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Last August Coca-Cola launched a new ad campaign to defend its use of aspartame in diet sodas. But Europe’s Food Safety Authority just saved Coke a lot of expense and trouble by giving its own OK to this unhealthy additive.
Unhealthy, to put it mildly. University of Sussex Professor Erik Millstone, who helped set up Britain’s Food Standards Agency, says EFSA ignored 20 reliable, independent studies which have identified serious health problems linked to aspartame. Those include brain and nervous system damage, premature births and cancer. Millstone also says members of the EFSA panel that decided the additive was safe all have either direct or indirect conflicts of interest.
Even more disturbing is that Donald Rumsfeld’s conflicts of interest got aspartame on the market in the first place, according to the documentary film Sweet Misery and other sources.
Millstone says EFSA’s decison on aspartame is “biased and deeply flawed,” and a new, unbiased panel should be convened to re-examine this issue.
Tell the EFSA to stop sugar-coating aspartame health risks!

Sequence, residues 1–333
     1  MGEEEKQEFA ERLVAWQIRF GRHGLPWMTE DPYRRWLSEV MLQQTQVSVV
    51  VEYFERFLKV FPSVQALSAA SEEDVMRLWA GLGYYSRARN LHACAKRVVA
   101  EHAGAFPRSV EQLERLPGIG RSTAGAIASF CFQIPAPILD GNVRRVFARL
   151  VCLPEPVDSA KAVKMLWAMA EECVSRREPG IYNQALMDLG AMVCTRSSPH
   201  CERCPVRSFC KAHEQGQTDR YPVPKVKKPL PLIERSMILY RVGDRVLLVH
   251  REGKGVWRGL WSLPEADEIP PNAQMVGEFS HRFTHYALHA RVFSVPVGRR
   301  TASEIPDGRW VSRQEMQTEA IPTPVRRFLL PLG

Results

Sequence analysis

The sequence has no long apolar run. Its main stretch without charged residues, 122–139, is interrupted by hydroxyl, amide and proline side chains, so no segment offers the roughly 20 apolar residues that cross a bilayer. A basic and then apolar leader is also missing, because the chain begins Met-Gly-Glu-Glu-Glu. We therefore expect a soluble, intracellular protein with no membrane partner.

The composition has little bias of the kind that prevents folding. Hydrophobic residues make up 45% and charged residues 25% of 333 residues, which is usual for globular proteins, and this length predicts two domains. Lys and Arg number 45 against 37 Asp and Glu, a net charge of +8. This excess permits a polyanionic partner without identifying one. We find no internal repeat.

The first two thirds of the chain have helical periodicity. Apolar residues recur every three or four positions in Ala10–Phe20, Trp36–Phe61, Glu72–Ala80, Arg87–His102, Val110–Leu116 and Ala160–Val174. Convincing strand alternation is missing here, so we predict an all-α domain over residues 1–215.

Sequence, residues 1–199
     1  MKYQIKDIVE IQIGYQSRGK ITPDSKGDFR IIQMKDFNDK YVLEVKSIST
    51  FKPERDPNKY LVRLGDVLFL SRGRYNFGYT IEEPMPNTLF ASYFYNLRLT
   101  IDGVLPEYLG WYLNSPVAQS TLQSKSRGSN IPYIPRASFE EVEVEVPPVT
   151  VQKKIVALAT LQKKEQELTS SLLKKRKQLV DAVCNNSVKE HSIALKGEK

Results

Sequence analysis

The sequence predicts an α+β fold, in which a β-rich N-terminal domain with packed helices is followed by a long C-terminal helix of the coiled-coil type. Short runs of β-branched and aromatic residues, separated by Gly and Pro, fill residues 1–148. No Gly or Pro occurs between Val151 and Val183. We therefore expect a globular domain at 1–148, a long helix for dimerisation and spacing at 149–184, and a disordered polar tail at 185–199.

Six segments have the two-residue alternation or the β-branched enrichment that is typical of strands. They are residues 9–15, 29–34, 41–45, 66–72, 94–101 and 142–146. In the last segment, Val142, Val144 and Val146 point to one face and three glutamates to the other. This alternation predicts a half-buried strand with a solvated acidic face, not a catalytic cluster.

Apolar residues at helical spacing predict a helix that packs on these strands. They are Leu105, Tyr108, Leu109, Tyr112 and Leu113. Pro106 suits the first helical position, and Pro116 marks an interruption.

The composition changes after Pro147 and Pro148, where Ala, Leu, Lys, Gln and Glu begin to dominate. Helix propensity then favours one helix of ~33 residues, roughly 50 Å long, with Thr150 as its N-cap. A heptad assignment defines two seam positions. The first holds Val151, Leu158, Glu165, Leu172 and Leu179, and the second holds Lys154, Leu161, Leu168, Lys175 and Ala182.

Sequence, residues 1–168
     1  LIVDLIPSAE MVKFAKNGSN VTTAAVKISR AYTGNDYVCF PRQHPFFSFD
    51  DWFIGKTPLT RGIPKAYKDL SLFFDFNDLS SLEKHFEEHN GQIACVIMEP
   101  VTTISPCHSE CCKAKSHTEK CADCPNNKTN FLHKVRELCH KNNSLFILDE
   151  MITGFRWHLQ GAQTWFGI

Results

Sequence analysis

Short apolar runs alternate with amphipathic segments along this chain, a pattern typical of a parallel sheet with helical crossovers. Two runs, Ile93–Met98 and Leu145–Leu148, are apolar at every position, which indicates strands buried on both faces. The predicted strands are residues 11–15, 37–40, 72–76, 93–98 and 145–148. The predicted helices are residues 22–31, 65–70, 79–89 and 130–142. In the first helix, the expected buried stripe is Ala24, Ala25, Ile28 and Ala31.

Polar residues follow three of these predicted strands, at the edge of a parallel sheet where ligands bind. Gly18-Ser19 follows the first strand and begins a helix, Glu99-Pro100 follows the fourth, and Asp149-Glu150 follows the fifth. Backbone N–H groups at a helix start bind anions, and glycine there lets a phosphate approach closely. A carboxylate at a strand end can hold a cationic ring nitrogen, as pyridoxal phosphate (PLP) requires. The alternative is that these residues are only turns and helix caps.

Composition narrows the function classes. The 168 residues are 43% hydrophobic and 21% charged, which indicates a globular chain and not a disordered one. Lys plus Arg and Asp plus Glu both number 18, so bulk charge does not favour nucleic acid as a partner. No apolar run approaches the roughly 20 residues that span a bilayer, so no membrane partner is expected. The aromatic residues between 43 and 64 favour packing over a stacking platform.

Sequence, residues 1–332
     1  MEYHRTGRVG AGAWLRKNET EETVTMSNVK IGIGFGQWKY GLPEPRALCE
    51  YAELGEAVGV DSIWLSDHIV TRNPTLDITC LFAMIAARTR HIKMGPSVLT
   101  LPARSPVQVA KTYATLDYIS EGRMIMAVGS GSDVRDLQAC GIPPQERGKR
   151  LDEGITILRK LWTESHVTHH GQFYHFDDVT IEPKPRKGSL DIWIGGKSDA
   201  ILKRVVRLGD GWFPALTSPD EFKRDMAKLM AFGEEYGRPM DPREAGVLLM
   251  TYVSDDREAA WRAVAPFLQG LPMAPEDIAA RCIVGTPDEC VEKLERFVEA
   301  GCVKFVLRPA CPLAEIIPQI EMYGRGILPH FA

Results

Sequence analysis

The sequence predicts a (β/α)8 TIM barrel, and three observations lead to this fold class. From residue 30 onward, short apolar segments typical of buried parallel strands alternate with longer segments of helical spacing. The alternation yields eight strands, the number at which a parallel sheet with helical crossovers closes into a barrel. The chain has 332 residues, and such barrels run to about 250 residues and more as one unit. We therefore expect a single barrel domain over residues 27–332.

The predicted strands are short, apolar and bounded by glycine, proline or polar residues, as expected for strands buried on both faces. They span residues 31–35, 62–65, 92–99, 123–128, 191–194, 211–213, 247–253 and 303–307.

We, the undersigned, say EFSA’s OK of aspartame is irresponsible at best.
It’s to be expected that a company like Coke that makes billions selling diet soda would spend a lot to defend its claim that aspartame is safe. But for an agency that presents itself as a food watchdog to say so is totally unacceptable. Even more unacceptable is the way EFSA’s panel went about making its decision.
Professor Millstone, who helped set up Britain’s Food Standards Agency, expressed his concerns last March when the EFSA first indicated it would endorse aspartame as safe. He told the Daily Mail that that EFSA was “effectively rubbishing more than 20 studies which have identified potential problems with the sweetener, ranging from premature births to cancer.”
Millstone’s indictment of EFSA’s opinion on aspartame exposes serious conflicts of interest among panel members who assessed the evidence. He notes that seven out of the 17 members have “direct commercial conflicts of interest, and another five have institutional conflicts of interest.” Millstone also reports that the panel relied heavily on studies that were funded by industry, but that independently-funded studies that show the most evidence of harm were dismissed by the panel.
Much of the argument defending the use of aspartame says that risk claims are made mostly by conspiracy theorists. But Millstone is no conspiracy theorist. He’s a University of Sussex food safety expert whose concerns should carry a great deal of weight.
We request that EFSA take Millstone’s concerns and suggestions seriously and convene a new panel of experts to do an unbiased assessment of aspartame’s health risks.
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